Saturday, November 7, 2015


My olive picking is finished for this season. I was outside picking a few hours every day that it didn’t rain. My son, Ben, cut down branches that I couldn’t reach.  We took 150 kilos of olives to the mill and came home with 14 liters of new oil.

On picking days, I didn’t have much time to think about cooking. So I turned to some traditional dishes from rural Spain, such as this slow-cooked beef stew from the province of Ciudad Real, in the southern part of Castilla-La Mancha. 

Beef and vegetable stew is slow-cooked in a clay pot.

All the ingredients are put to cook together—thus the name, tojunto, a contraction of “todo junto”, meaning “all together”. Supposedly this allowed the women of Almagro to get on with their lace-making (they make very pretty bobbin lace); the shepherd to keep the cheese-making going (Manchego cheese comes from here), workers in vineyards (Valdepeñas and La Mancha wines) and olive groves to keep working right up until dinner and the hunter in the fields to have a meal ready when he returned to camp.

In rural Spain, a sturdy dish such as this stew is served for the main meal of the day, around 2 pm.

Everything goes into the stew pot—preferably a clay pot, or olla de barro—at the same time and cooks a fuego lento—on a slow fire, without stirring, until the meat is tender. Clay-pot cooking is a lot like today’s slow cookers that keep a low and steady heat. A clay pot also keeps the food warm for an extended time, meaning a meal that can wait.

This stew is not thickened. Put the potatoes in whole, so they don’t break up with long cooking. Vegetables such as fresh green beans get very-well cooked. But, that’s sort of comforting.

Flank steak or chuck, cut into cubes, is a good cut for this slow-cooked stew. (Tojunto is also made with lamb, pork, chicken or rabbit.) Saffron is grown in this region of La Mancha. It adds subtle flavor and color to the stew. You can use regular sweet pimentón (paprika) or smoked pimentón.

I served the stew with pickled red onions and my home-cured olives.

Meat, potatoes and vegetables cook together.

“Altogether” Beef Stew


Serves 4 to 6.

1 onion, quartered and sliced

1 green bell pepper, cut in 1-inch pieces

1 large tomato (or 3 plum tomatoes), peeled and cut in eighths

2 cloves chopped garlic

1 large carrot, peeled and quartered

4 medium potatoes, peeled

1 ½ pounds beef, cut in 1 ½-inch pieces

Pinch of ground cloves

Freshly ground black pepper

2 bay leaves

Sprig of thyme

¼ teaspoon saffron threads, crushed

1 teaspoon sweet pimento (paprika)

¼ cup hot water

4 ounces green beans, cut in 1-inch lengths (1 cup)

2 teaspoons salt

¼ cup olive oil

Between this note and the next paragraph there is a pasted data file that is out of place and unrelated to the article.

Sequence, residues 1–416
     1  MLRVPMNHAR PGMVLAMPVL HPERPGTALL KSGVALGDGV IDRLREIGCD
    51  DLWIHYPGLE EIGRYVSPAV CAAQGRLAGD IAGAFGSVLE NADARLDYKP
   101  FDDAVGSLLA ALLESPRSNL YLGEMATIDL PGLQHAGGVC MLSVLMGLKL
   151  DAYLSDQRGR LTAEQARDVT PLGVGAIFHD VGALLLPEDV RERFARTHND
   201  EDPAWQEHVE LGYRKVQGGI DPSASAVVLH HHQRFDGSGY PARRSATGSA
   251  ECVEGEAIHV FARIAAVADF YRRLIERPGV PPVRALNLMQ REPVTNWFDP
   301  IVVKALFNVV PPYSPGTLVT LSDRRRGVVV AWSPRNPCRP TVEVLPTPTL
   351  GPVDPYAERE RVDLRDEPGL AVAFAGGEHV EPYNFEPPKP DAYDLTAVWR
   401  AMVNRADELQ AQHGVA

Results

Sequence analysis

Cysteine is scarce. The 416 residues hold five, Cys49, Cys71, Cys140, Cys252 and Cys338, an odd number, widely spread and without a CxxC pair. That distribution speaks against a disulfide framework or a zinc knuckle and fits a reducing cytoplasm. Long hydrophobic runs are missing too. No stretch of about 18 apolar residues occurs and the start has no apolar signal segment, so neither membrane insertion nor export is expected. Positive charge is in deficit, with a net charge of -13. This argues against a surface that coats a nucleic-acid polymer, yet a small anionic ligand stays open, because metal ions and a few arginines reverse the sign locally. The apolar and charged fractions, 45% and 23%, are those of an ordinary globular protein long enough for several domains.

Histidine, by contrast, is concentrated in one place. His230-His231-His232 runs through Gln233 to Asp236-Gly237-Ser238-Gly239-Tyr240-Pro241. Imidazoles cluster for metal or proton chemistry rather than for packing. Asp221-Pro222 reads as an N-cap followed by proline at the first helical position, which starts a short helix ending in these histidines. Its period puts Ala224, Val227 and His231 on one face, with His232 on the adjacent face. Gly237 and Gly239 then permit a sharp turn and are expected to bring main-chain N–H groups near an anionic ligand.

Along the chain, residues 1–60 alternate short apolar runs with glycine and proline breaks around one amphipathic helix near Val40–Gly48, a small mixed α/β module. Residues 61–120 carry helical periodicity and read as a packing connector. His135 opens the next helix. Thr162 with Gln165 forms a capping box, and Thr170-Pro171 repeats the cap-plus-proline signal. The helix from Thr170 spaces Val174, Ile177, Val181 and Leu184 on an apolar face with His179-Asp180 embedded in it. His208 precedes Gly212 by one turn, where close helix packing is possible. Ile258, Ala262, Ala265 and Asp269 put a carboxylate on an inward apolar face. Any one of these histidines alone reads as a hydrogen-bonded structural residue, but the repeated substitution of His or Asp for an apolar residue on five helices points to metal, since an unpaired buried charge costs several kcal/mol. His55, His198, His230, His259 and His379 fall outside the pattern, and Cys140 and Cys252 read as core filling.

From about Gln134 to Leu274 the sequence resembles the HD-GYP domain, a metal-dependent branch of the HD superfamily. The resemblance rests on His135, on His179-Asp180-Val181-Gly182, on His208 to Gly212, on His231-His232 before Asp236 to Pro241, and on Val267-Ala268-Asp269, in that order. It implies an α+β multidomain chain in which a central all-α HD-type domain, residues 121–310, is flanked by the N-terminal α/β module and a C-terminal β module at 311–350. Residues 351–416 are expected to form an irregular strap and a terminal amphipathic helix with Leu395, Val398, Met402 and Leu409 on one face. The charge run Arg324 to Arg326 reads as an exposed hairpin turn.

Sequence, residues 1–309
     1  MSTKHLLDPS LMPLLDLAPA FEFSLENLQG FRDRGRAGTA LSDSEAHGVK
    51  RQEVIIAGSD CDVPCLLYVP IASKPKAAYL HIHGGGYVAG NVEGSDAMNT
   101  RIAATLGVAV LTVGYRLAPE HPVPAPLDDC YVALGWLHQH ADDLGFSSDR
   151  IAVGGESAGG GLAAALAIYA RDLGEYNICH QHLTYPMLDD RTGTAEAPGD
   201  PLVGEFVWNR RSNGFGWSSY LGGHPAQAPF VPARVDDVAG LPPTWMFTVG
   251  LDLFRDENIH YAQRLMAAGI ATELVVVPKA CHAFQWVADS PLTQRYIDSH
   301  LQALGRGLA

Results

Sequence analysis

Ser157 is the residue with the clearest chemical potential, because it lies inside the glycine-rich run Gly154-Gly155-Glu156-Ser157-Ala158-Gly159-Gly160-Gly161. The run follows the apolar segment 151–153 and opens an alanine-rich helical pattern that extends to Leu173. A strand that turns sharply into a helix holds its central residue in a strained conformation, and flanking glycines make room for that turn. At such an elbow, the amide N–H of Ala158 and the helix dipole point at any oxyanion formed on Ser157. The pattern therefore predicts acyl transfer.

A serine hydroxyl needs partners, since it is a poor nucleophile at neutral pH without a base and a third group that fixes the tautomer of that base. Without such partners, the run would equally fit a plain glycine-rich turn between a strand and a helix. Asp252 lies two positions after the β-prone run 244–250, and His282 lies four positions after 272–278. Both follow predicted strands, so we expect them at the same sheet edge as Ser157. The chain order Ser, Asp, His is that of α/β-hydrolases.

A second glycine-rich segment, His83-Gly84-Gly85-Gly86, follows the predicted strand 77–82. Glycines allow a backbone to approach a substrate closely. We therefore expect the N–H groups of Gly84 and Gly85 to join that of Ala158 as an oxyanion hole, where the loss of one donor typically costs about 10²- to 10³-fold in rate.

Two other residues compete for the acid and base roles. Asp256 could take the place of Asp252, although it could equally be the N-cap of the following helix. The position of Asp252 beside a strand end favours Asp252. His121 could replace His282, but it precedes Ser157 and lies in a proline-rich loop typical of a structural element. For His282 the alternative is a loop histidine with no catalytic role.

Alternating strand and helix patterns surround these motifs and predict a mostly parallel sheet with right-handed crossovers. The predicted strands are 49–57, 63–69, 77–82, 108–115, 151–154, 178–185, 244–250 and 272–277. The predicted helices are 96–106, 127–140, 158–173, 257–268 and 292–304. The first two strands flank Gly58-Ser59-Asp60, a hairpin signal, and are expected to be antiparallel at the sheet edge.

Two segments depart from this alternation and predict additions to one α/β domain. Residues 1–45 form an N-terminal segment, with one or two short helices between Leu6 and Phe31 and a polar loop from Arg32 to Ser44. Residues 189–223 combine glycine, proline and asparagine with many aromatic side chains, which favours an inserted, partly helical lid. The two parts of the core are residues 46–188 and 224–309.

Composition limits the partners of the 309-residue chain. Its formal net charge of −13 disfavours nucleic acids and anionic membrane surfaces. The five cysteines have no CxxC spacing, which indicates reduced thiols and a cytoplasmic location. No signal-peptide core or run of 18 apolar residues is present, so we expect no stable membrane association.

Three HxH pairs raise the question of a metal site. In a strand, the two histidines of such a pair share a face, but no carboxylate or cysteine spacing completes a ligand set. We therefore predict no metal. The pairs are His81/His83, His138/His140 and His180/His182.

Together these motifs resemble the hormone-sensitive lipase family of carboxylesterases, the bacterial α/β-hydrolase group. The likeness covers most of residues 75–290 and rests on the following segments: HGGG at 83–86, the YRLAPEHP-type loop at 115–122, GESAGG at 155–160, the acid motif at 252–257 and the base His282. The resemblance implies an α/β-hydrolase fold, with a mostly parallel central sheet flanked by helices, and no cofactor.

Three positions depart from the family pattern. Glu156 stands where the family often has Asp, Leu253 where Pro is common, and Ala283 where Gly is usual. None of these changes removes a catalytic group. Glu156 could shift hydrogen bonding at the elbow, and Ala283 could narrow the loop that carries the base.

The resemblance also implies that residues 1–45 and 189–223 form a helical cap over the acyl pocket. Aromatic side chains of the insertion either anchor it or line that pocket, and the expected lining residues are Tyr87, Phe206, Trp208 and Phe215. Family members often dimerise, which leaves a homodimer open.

½ cup white wine

1 cup water

Chopped parsley to serve

Place the onion, pepper, tomato, and garlic in a cazuela or stew pot. Add the carrot, potatoes and veal or beef. Sprinkle the meat with cloves and pepper. Tuck the bay leaves and thyme around the meat. 
Add ingredients all together.

Combine the crushed saffron and pimentón in a small bowl. Add ¼ cup hot water and stir to dissolve. Pour the liquid over the meat. Place the green beans on top. Sprinkle with salt. Pour over the oil and wine plus 1 cup of water.

Cover the cazuela or pot and bring to a boil. Reduce to a simmer and cook, without stirring, until meat is very tender, about 2 hours. Allow to stand 15 minutes before serving with chopped parsley.

I hand-pick olives.



  1. Since the last time I commented on your blog we've purchased our Stone House on the Hill in the Greek Peloponnese and just last weekend completed our first olive harvest of our 15 trees which yielded a 'small' harvest of 17 liters (plenty for my cooking needs). I have been shopping for just the right clay pot and have yet to decide on one so opted for an electric slow cooker/grill/steamer/fryer which seems a combination of our old electric fry pans and slow cookers. Enjoyed this post. Drop by TravelnWrite sometime for a glimpse into our new Greek life.

    1. Jackie and Joel: Your Greek olive harvest sounds similar to mine. Wonderful to have the oil! Though, 15 liters won't last me 6 months. It is the only fat used in my kitchen, so I use a lot. If you try the Altogether Beef Stew in the electric slow cooker, let me know how it turns out. I am curious about timing. I did have a look at your Travel blog. Nice.

  2. Hi Janet,
    This stew sounds yummy! Could one prepare this in a tagine as well, though with smaller amount of ingredients, due to the shallowness of the tagine?

    Do you still live in your wonderful casa where we first met? I'll never forget the peacefulness of your yard and the shepherd and his goats coming up from the valley. A little piece of heaven, for sure.

    1. Patty: Probably a tagine would be too shallow. Maybe use a cast iron Dutch oven if you don't have a clay olla or slow cooker. Yes, I still live in the same place. Here are some photos

  3. I really like your recipe,.it looks really good,.I'll surely try it,.
    "spanish tapas bars in london"